In 1905, Republican Teddy Roosevelt, a Republican Progressive, proposed a law that would outlaw all corporate contributions.  This was, of course, met with stiff resistance from Congress, and never passed.

There have been various attempts to curtail campaign financing, the most recent being the McCain-Feingold Act of 2002. However, any law passed by Congress always has unintended consequences. McCain-Feingold has effectively cut the legs out from under the two major parties, but it has hamstrung the smaller parties. Was that the intention?

Funding has been diverted from the parties, who had to disclose this information, to outside SuperPACs, who don’t have to disclose anything. Transparency? McCain-Feingold has made that a thing of the past.

Now the rich and super-rich can do their thing without the spotlight on them.

Because we have amended the Constitution to move from Senators assigned by the State legislatures to direct election by the people, members of the Senate are now in the hooks of the wealthy, depending on them for campaign funds. I think worries about corruption, which was supposedly the driving force behind the XVIIth Amendment, is less of an issue than the wealthy owning the Senate.

Is there anything that can be done? Not without resistance from the wealthy.

Both parties owe their souls to the rich. Both try to hide it, but the Democrats are far more successful at it than the Republicans. The Dems are very skilled at the shell game, convincing people how the Republicans are owned by the wealthy while being able to obfuscate their own culpability.

No law will ever be able to stop the wealthy or corporations from attempting to buy politicians. If you outlaw SuperPACs, then you are assaulting free speech. Even though the likes of Elizabeth Warren say that corporations are not people, corporations are, in fact, comprised of people trying to make money. They have a life cycle, just like humans, and they will still find a way to contribute money to politicians who they believe can help further their businesses..

One has to ask which is worse, corporate contributions that are disclosed by the political parties, or contributions that are hidden away from the prying eyes of the public.

Before I close this out, let’s take a look at a few more presidents.

Very few presidents had a net worth of less than a million:

  1. James Buchanan
  2. Abraham Lincoln
  3. Andrew Johnson
  4. Ulysses S. Grant
  5. James A. Garfield
  6. Chester A. Arthur
  7. Woodrow Wilson
  8. Calvin Coolidge
  9. Harry S. Truman

Almost one quarter of US Grant’s funding came from a single donor.

John F. Kennedy was the first billionaire president.

Every president, other than the 9 listed, were worth $1 million or more.

Politics is a game for the wealthy. A Game of Thrones if you will.

Your children can grow up to become President of the United States.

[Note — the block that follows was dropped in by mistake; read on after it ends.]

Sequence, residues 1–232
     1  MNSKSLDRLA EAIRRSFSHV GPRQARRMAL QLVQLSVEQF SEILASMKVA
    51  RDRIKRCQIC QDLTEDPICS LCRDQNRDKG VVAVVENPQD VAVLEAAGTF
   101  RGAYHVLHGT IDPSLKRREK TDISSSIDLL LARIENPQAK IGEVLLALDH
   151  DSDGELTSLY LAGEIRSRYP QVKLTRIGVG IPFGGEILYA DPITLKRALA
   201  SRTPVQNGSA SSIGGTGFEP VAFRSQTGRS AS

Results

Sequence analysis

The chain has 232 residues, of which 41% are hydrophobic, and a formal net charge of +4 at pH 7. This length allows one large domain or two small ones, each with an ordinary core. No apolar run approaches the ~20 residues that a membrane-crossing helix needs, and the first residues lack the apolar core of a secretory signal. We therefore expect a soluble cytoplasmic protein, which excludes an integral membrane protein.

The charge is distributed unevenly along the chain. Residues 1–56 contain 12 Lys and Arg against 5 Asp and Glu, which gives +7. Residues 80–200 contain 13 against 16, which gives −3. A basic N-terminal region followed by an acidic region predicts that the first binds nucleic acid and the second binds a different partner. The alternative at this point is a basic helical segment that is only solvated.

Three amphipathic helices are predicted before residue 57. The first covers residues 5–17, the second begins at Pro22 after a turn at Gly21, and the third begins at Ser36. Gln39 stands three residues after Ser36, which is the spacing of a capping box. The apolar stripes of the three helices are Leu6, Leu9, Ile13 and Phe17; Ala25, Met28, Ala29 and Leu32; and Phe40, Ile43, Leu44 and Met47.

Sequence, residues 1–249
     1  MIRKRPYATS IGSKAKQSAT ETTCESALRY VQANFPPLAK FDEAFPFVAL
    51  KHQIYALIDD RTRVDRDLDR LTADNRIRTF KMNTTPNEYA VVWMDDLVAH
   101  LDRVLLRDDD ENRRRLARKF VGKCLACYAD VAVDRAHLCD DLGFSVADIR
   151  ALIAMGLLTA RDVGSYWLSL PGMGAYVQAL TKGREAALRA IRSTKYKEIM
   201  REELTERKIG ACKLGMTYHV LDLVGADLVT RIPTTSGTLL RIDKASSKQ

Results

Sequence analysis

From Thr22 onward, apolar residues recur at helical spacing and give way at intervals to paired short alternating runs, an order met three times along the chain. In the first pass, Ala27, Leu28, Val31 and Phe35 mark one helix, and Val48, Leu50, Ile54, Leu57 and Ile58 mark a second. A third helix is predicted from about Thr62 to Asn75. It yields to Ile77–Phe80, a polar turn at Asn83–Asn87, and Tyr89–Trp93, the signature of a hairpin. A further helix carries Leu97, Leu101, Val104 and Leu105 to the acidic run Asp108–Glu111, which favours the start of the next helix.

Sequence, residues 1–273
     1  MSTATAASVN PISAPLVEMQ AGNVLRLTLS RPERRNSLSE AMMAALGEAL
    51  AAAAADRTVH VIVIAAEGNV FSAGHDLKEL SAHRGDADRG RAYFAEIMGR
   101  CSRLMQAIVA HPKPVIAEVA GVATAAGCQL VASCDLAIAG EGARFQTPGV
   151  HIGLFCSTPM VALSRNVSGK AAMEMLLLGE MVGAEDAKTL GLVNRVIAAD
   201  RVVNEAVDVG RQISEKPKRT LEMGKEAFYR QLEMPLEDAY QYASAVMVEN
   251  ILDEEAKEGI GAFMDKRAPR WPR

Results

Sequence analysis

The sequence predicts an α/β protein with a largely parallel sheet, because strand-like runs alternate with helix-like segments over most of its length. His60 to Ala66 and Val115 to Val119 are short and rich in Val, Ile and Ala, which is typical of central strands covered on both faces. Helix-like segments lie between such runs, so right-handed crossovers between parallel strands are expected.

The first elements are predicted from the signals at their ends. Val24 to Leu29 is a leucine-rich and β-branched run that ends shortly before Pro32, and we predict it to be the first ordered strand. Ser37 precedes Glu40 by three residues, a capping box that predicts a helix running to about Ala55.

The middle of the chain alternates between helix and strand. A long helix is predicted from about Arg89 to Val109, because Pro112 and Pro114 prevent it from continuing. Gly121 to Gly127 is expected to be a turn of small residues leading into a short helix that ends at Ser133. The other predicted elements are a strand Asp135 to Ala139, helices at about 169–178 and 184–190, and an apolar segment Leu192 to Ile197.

As long as they belong to a family of means.



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Congress Uses Their Power to Enrich Themselves

Posted on October 22, 2013. Filed under: Government, Politics | Tags: , , , |

Current members of the United States House of ...

US Representative Grace Napolitano (D- CA) (Photo credit: Wikipedia)

The CBS news magazine, 60 Minutes, ran a piece this last weekend that should have every American outraged. Democrats, Republicans, Libertarians, Communists, and Socialists alike should be seething over the fact that Congress, as a whole, is bilking and fleecing taxpayers and campaign contributors alike for their own personal gain.

The government has become the playground of the rich, and those people often leave richer than they were when they started.

It’s not because of the paycheck. It isn’t because of books they’ve written, or the high profile committees they sit on.

It’s because of a thing called Leadership PACs.

Leadership PACs are political action committees that are established by both current and former members of Congress. With these PACs, they can accept money from businesses, individuals, and other PACs. They use this money to pay for travel expenses, re-election campaigns (their own, or other candidates), consultants and polling.

Everything seems to be on the up and up, right?

According to CBS, Congressional members also use that money to entertain, maybe some corporate bigwig, or a potential contributor, all paid for with this money.

These PACs came about after the Ethics Reform Act of 1989, and, according to CBS, Congressional leadership quietly created loopholes in the law to allow the establishment of Leadership PACs, because, again according to CBS, they are not “technically” campaign funds.

Nearly every Congressperson has one, and most of the money comes from lobbyists and special interest groups.

Back in the day, John Edwards used his PAC to pay his mistress over $100,000 to make a campaign video.

Republican Congressman Ander Crenshaw of Florida used his to fly bigwig contributors from the defense industry to California’s wine country for a tour.

Democrat Congressman Robert Andrews of New Jersey used his to fly his family to Scotland for the wedding of a friend he claimed he was thinking about hiring as a consultant. He is now under investigation. He claims the rules should be clearer as to what they can and can’t be used for, but CBS found that while almost every member of Congress pays lip service to that idea, no one lifts a finger to change it.